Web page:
(Eds: Updates with quotes, details. With AP Photos.)By DAVE CAMPBELLAP Pro Football Writer
The Minnesota Vikings weren’t supposed to be in first place this season. Not even five games in.
But here they are at 4-1, tied with Chicago and two games ahead of Green Bay in the NFC North. The victories haven’t been flukes, either. Their defense has given up only three touchdowns in the last three games, two of them in the fourth quarter with a healthy lead already established. The offense has been balanced. The special teams have been superb.
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”It’s exciting to know that every week you have a chance. It’s exciting to know that with so many questions going into this year, it’s exciting to answer `OK, if we play our best, we have a chance to beat anybody in the NFL,”’ defensive end Jared Allen said. ”And we’re pretty darn good if we play our best.”
Allen watched several of his well-paid veteran teammates move on during the offseason as general manager Rick Spielman and head coach Leslie Frazier tried to renew the roster with youth and potential. Allen was well aware of the 23 losses by the Vikings in 32 games over the last two years, but that didn’t mean he liked this.
”Honestly, I was a little upset. Kind of like baffled, not really knowing what direction we’re going,” Allen said. ”But that’s why you have to put trust in the front office, trust in the coach. That’s their job. My job is to prepare and do what I need to do to help our team win. After going through training camp and watching these guys, how hard they work and seeing our young guys really step up and take leadership roles and just play football, it’s been fun.”
This is a confident team, as quarterback Christian Ponder and several others made clear following the 30-7 victory over Tennessee on Sunday.
”I know everyone else is surprised that we’re 4-1. What stinks is what we should be 5-0,” Ponder said, referring to the 23-20 loss at Indianapolis on Sept. 16.
That defeat was sobering, so much that soft-spoken veteran cornerback Antoine Winfield delivered an impassioned, pointed challenge to the entire team the day after about the overall effort and attitude. Frazier expressed a similar concern during the week leading up to the Colts game.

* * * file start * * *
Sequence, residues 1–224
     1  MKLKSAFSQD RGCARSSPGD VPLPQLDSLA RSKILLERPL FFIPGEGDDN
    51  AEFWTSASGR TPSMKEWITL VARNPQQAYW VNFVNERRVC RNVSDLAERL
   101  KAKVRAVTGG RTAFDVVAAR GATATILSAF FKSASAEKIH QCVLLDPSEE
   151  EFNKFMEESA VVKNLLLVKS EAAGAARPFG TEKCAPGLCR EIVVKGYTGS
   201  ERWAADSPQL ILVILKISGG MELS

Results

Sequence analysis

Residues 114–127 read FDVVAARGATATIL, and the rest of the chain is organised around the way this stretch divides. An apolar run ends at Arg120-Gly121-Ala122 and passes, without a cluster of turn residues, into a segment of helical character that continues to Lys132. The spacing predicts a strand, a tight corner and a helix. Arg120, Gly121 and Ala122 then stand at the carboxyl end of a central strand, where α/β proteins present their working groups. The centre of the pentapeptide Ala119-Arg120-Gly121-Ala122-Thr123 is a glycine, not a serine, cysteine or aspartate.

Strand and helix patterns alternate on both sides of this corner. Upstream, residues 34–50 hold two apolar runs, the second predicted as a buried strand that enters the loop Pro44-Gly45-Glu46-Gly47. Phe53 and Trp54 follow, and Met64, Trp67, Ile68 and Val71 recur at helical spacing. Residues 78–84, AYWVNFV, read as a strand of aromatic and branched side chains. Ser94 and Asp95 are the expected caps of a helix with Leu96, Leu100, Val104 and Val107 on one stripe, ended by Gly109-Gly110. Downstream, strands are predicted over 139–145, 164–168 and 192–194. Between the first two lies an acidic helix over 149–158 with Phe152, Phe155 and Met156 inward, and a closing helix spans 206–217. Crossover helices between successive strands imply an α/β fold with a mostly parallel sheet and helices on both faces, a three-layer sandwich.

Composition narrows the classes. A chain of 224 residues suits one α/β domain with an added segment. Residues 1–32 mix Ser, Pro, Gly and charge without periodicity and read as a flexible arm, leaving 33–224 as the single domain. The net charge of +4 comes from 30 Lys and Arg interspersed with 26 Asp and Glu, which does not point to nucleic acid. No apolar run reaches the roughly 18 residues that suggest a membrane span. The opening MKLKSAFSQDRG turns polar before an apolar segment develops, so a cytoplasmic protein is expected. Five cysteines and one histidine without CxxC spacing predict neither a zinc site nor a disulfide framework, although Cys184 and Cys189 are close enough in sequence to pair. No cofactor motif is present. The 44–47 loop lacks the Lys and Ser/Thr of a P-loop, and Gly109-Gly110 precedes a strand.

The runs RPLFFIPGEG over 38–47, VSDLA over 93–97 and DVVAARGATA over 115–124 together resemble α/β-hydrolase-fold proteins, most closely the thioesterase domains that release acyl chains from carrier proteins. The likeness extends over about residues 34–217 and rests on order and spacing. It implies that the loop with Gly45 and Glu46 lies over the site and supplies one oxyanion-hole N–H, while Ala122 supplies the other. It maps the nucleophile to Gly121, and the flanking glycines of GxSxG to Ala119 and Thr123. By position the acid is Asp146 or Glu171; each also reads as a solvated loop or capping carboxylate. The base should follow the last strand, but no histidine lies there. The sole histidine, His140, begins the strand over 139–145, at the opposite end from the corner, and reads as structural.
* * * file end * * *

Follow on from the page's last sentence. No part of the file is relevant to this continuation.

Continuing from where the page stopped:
That’s the type of reaction a team expected to make the playoffs and push for the Super Bowl might have, but too early in the season for a purportedly rebuilding squad to take one loss so seriously. But that’s evidence of the way the Vikings have felt about themselves all along, even after finishing a franchise-worst 3-13 last year. Frazier has repeatedly mentioned the benefit of an entire offseason, unlike the year before when the lockout wiped that out, to this team’s chemistry.
”Everything you’re seeing now is a byproduct of what happened this offseason with our players. They are to be congratulated for showing up and allowing our coaches to work with them and really put them through the paces … so we could get this thing turned around and headed in the right direction. That’s how you change the culture,” Frazier said.
Following the attention-getting upset of NFC favorite San Francisco and the character-building road win over Detroit, the Vikings faced another hurdle on Sunday in the Titans. This was the time for an improving team to show it’s mature enough to decisively beat a struggling opponent, and that’s what they did.
Afterward, the Vikings went out of their way to express caution about enjoying the strong start too much, even after all they’ve endured over the last two years. Despite their self-assurance, they’ve been so far acting like a team that’s been in front before, even though so few of the current players (16 of 53) were around in 2009 when Brett Favre and that bunch reached the NFC championship game.
”We’re all believing in each other,” wide receiver Percy Harvin said, adding: ”We’ve still got a lot of work to do. Regardless of our record or how good we’re doing right now this team is in no way satisfied.”
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